2 CT paramedics receiving counselling after being assaulted, robbed
The community of Seawinds was declared a red zone for ambulances following Sunday's attack, meaning emergency staff couldn't enter area without a police escort.
CAPE TOWN – Two Cape Town paramedics are receiving counselling after they were attacked while responding to a call in Seawinds near Muizenberg.
The community was declared a red zone for ambulances following Sunday's attack, meaning emergency staff couldn't enter area without a police escort.
The high-risk status has since been lifted.
Metro EMS spokesperson Robert Daniels says: "Western Cape Emergency Services responded to a patient in St Patrick Road in Seawinds at 7:30 on Sunday morning. The patient was, unfortunately, DOA and upon returning to the vehicle to retrieve a death certificate, the crew was assaulted and robbed of their personal belongings.”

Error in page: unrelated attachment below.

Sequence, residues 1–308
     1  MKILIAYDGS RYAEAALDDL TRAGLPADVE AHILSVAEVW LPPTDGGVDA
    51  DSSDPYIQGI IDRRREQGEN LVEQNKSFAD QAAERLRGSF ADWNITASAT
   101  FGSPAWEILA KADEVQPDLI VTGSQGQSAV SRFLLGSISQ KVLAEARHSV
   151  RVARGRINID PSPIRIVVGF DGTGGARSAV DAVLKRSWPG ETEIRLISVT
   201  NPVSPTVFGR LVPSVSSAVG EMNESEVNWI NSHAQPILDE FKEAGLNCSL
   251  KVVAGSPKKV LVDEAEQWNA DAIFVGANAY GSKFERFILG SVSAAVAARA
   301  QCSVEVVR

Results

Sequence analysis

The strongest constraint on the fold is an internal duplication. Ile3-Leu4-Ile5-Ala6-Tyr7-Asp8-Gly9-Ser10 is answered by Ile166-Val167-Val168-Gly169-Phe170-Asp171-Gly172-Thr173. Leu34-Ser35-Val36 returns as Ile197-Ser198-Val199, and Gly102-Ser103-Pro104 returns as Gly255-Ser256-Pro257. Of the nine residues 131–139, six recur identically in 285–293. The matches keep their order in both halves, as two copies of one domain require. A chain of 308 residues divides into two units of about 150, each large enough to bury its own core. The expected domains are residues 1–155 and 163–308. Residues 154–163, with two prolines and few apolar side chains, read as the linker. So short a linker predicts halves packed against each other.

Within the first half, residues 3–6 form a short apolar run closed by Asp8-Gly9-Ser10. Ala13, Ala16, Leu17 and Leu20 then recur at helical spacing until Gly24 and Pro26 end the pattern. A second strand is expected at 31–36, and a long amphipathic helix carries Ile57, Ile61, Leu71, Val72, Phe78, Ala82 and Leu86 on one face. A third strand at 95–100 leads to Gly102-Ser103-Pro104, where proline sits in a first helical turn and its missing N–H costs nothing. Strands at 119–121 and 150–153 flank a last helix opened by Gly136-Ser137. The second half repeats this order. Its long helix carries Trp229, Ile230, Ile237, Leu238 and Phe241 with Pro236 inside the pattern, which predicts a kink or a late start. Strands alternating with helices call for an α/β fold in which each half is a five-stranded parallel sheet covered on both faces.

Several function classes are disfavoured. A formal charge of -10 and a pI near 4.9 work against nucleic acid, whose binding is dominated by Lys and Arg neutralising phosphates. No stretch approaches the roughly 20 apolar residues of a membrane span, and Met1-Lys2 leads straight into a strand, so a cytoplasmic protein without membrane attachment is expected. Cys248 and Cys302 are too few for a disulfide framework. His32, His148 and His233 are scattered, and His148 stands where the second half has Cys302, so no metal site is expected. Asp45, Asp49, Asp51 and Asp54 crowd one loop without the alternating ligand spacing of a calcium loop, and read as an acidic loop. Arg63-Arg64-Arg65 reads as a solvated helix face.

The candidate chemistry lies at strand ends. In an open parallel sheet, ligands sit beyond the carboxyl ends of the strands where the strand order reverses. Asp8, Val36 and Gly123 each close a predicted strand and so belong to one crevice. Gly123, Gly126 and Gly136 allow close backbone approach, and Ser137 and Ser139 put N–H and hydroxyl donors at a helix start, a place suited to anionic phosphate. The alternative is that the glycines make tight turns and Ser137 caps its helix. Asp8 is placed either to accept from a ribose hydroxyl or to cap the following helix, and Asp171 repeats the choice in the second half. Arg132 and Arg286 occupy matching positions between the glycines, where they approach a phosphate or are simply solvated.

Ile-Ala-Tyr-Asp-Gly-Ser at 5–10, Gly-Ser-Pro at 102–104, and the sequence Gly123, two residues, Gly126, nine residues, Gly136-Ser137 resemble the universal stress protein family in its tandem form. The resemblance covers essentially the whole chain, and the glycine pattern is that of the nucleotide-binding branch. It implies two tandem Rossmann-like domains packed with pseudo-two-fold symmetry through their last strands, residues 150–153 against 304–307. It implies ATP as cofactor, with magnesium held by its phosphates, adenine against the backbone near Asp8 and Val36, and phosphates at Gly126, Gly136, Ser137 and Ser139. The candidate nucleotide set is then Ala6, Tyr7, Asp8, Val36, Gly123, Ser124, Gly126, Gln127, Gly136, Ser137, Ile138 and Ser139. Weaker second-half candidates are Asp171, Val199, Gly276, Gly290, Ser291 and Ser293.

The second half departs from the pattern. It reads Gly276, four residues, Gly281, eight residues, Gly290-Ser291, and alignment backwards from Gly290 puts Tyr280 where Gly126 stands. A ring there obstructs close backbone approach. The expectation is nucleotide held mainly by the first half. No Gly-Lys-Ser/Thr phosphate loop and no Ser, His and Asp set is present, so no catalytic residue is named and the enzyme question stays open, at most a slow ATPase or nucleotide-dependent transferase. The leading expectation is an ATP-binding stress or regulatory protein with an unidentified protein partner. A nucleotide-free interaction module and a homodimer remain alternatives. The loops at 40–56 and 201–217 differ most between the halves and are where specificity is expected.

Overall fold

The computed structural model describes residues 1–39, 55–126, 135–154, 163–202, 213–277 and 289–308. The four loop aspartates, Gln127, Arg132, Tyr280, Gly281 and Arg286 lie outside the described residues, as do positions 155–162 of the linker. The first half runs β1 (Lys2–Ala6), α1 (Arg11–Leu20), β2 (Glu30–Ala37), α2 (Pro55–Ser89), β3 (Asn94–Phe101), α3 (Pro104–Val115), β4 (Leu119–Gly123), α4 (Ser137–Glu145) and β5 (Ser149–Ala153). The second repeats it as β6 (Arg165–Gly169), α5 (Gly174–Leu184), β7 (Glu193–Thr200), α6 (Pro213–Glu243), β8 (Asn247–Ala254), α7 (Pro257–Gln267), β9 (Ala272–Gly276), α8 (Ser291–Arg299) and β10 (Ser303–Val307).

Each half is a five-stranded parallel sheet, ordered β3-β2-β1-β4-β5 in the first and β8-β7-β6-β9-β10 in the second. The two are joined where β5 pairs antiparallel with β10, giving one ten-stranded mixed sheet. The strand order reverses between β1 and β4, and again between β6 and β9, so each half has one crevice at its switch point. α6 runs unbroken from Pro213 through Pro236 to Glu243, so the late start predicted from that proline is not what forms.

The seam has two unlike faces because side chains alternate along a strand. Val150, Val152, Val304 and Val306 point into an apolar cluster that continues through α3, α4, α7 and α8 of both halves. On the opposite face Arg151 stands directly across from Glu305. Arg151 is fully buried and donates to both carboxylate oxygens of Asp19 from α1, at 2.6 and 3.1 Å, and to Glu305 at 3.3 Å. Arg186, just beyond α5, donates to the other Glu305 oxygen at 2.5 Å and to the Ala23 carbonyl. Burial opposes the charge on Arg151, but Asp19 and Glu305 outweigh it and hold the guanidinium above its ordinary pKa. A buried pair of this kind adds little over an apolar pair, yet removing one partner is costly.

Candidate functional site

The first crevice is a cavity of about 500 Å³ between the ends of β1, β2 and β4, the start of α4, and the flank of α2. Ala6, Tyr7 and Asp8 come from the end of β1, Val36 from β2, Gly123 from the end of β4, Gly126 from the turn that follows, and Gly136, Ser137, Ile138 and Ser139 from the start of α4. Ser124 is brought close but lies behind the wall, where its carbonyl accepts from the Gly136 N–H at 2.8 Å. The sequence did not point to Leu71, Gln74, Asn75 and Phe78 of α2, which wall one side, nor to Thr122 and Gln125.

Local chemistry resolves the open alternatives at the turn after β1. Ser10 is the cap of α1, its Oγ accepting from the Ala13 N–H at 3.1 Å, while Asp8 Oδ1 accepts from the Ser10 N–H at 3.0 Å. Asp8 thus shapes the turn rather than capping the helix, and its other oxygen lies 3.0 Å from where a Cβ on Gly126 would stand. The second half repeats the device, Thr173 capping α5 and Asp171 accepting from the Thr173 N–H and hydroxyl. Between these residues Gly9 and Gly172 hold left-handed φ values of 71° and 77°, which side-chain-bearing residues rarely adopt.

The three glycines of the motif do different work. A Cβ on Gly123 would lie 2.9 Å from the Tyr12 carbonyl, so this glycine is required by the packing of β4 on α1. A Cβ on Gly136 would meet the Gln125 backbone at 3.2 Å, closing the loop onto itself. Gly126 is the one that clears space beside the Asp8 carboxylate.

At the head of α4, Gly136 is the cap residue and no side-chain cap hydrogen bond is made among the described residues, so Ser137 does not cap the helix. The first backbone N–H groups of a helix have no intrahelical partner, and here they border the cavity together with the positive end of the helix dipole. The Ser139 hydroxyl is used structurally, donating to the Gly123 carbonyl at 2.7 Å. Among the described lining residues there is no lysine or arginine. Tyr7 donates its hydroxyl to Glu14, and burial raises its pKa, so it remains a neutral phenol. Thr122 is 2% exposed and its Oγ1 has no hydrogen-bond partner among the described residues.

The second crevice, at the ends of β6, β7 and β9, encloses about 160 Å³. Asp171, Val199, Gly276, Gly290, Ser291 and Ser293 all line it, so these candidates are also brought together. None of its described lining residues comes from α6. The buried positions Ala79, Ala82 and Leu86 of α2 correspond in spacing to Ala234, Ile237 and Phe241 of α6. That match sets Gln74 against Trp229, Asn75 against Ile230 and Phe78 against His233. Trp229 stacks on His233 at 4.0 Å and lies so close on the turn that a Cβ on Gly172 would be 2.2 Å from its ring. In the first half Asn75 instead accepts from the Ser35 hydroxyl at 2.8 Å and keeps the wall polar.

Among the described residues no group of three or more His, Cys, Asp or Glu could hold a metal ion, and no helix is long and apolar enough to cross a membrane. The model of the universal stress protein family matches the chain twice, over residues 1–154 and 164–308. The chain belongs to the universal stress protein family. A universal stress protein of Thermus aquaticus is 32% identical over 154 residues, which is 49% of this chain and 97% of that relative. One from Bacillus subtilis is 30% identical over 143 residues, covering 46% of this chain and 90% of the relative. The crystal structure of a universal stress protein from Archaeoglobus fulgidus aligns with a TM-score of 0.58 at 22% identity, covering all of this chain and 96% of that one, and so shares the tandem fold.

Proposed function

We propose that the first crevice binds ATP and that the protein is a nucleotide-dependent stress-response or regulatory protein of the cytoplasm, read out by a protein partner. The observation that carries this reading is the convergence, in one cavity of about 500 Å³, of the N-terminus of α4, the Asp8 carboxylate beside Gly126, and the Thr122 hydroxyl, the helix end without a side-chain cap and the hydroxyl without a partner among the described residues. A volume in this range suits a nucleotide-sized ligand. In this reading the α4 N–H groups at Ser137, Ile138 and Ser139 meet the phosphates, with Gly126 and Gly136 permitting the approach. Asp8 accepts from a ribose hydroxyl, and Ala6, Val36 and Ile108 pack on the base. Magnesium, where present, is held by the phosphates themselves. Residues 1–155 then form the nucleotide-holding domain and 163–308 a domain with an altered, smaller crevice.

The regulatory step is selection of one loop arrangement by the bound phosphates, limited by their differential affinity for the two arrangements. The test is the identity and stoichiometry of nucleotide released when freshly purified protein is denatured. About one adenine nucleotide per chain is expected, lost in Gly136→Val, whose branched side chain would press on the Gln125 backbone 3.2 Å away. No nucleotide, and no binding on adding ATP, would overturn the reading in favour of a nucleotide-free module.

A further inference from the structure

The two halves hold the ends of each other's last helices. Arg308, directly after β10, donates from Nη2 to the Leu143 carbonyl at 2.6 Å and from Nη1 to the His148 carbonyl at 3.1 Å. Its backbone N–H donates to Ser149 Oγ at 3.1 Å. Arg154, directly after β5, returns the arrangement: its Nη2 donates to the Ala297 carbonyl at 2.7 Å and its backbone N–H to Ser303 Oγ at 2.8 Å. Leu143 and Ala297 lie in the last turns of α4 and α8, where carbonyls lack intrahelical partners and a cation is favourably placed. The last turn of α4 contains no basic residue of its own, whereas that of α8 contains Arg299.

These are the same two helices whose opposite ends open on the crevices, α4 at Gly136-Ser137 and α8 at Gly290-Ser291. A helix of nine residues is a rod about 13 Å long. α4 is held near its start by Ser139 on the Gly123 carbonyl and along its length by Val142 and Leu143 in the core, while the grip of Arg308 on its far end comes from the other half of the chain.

Meanwhile, there have been at least 56 attacks on emergency service workers in the province, this year alone.
At an EMS Safety Symposium held last week, government and civil society called for greater collaboration to prevent further attacks on emergency personnel.
The symposium took place at the Cape Peninsula University of Technology.
One of the suggestions made to prevent attacks on paramedics was the introduction of satellite points where residents can meet paramedics and help escort them into so-called red zones.
Mitchells Plain Community Policing Forum cluster chairperson Lucinda Evans told the EMS Safety Symposium this would help cut down on the long wait for police to arrive and escort emergency services.
“We should centralise systems where we can put focus per area, per zone.”
Evans also suggested that there be an EMS representative in each of the CPF structures so that they can present the issues and engage with the community.
A Cape Town paramedic said when an incident occurs on duty, they are not being assisted by police and are sent to various police stations.